COMMAND/ORGANIZATION: U.S. Army Test and Evaluation Command, Aberdeen Test Center
TITLE: Senior test officer
YEARS OF SERVICE IN WORKFORCE: 10 years
DAWIA CERTIFICATIONS: Level III in test and evaluation, Level I in engineering and program management
EDUCATION: B.S. in mechanical engineering with a minor in aerospace engineering, University of Puerto Rico, Mayagüez
AWARDS: Department of the Army Civilian Service Commendation, 2020 and 2021
HOMETOWN: Mayagüez, Puerto Rico
Edwin D. Martinez-Vega
by Ellen Summey
“From a very young age, even before the age of 6, I knew I wanted to be an engineer,” Edwin Martinez-Vega recalled. “I never had any doubts about that.” Like many children, he had a fascination with airplanes and he wanted to know who was responsible for building them. “Somebody said, ‘Planes are built by engineers,’ and so I decided right then that I would be an engineer, no question.” And though the path wasn’t always easy, he kept his eyes on the goal.
He breezed through high school, before applying to and being accepted into the engineering program at the University of Puerto Rico. Once there, he said, he struggled to keep up with his peers academically. “I never had to study before, so it was difficult for me. I definitely wasn’t the smartest kid anymore—my class, entering the engineering program had 110 students, and I believe 109 of them were smarter than I was,” he said. His grades suffered and he couldn’t see—even while studying engineering—how he would ever reach his dream of building planes. “I was lost,” he said. And then two things happened that changed the course of his life. He found some other airplane enthusiasts, and he met a girl. “I heard about this engineering competition team that built planes, and they had a chapter at the school, so I went to talk to them. That really gave me a sense of direction—I finally could see how the dots connected, from what I was studying to where my goal was.”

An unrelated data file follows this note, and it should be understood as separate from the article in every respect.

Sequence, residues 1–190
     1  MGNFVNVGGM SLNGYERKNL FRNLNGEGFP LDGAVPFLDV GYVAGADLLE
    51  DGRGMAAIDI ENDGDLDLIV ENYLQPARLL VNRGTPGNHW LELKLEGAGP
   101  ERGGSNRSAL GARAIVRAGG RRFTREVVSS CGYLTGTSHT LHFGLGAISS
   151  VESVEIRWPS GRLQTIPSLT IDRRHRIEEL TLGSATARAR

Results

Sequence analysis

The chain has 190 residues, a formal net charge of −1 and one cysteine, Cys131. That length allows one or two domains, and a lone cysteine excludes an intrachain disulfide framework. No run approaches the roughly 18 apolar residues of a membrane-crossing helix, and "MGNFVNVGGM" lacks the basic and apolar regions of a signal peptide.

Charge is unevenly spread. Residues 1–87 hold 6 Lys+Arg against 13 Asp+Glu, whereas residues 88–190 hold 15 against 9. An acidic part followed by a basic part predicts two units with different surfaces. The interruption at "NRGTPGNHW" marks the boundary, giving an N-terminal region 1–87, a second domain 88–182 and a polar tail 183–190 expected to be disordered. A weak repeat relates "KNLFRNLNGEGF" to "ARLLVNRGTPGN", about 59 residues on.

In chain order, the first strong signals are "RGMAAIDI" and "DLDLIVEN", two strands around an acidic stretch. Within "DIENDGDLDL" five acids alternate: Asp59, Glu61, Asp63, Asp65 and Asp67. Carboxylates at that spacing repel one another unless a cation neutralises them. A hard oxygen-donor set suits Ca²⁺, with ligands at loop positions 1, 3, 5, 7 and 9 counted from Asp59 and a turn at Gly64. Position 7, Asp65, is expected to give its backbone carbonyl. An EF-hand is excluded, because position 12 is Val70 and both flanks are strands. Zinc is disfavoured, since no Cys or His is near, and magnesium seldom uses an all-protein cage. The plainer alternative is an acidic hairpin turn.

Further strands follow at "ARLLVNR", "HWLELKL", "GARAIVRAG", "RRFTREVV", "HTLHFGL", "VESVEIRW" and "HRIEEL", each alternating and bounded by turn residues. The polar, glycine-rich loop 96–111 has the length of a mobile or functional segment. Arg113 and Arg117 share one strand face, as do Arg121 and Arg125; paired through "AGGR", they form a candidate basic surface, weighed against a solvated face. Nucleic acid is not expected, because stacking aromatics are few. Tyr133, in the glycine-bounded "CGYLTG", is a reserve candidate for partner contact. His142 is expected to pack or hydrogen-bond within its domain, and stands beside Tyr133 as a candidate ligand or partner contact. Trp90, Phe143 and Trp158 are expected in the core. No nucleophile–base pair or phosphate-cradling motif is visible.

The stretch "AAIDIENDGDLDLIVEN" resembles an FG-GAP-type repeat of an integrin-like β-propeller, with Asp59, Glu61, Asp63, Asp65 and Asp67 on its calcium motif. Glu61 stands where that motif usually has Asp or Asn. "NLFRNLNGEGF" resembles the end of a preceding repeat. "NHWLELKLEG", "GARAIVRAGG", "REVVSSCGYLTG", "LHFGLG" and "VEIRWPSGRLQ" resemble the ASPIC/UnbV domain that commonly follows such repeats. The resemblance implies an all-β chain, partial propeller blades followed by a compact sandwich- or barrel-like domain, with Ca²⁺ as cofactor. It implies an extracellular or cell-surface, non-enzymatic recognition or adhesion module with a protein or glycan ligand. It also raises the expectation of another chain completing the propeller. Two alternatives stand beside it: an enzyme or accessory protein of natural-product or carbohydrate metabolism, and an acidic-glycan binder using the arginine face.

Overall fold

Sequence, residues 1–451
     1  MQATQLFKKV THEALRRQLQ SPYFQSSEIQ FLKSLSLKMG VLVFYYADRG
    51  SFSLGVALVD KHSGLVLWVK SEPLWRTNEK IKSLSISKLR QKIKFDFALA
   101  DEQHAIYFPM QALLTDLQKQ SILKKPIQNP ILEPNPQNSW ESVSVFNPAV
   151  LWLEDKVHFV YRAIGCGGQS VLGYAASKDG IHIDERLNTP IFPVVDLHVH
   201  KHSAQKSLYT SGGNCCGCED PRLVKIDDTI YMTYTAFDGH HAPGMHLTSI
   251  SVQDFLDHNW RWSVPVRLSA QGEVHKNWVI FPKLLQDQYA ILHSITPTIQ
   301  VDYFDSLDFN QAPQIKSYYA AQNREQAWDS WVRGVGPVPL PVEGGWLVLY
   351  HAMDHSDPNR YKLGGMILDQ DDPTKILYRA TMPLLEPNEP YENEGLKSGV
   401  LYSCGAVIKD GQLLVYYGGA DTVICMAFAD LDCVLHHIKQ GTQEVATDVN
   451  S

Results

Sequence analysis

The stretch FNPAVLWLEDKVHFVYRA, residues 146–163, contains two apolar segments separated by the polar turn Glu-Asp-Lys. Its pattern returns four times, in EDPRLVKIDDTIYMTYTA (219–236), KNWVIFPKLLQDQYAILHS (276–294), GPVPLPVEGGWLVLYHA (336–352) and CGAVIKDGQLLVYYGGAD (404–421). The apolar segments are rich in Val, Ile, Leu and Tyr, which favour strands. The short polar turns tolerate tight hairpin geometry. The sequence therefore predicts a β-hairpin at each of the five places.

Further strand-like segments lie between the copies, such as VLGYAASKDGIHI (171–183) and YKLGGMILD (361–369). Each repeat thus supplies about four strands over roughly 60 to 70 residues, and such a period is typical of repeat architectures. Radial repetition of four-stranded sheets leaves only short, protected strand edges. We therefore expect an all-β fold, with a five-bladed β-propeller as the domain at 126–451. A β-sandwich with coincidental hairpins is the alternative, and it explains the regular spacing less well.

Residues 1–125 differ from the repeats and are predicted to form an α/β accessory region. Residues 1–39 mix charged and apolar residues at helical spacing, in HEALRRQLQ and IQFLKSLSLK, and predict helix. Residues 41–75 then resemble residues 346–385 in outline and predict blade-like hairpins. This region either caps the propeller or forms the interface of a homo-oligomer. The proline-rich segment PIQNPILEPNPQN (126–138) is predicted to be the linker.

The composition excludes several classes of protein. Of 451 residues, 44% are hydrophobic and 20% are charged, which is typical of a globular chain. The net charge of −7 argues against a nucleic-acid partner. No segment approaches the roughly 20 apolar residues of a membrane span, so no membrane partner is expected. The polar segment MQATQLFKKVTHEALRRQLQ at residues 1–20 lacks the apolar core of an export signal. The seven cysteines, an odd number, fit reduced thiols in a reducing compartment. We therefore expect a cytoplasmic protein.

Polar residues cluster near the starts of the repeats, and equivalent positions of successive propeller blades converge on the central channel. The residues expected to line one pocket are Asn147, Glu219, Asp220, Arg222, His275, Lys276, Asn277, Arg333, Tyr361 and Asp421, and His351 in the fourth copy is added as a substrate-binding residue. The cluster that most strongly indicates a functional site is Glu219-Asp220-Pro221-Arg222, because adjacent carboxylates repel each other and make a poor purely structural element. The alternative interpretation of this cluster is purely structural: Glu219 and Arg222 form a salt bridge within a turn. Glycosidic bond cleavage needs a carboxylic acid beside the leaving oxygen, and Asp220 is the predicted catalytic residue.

And about that girl—the girl, actually—when Martinez-Vega took a job working the front desk at a nearby hotel, he met his future wife, Alondra, and the remaining puzzle pieces began to fall into place. “She worked the midday shift and I was on the night shift. I started arriving earlier, she started leaving later.” The connection was immediate, and they married in 2011, after he had taken a job at Aberdeen Proving Ground, Maryland, and she had moved to New York for her doctorate.
Since that first Army job 10 years ago, he has found a string of opportunities at Aberdeen. Today, he works as the senior test officer for U.S. Army Test and Evaluation Command, Aberdeen Test Center. “I am a senior test officer in charge of automotive and fire control programs. We test systems that are either legacy, new programs of record or technology demonstrators. Testing addresses safety and performance concerns to provide the data for evaluation and action by oversight and decision-makers,” he explained.
“There are very good opportunities—always jobs opening on the installation. I believe now, it’s up to 20,000 civilian and contractor positions. There are big organizations here, and they keep adding more, so yes, there’s a wealth of opportunity.”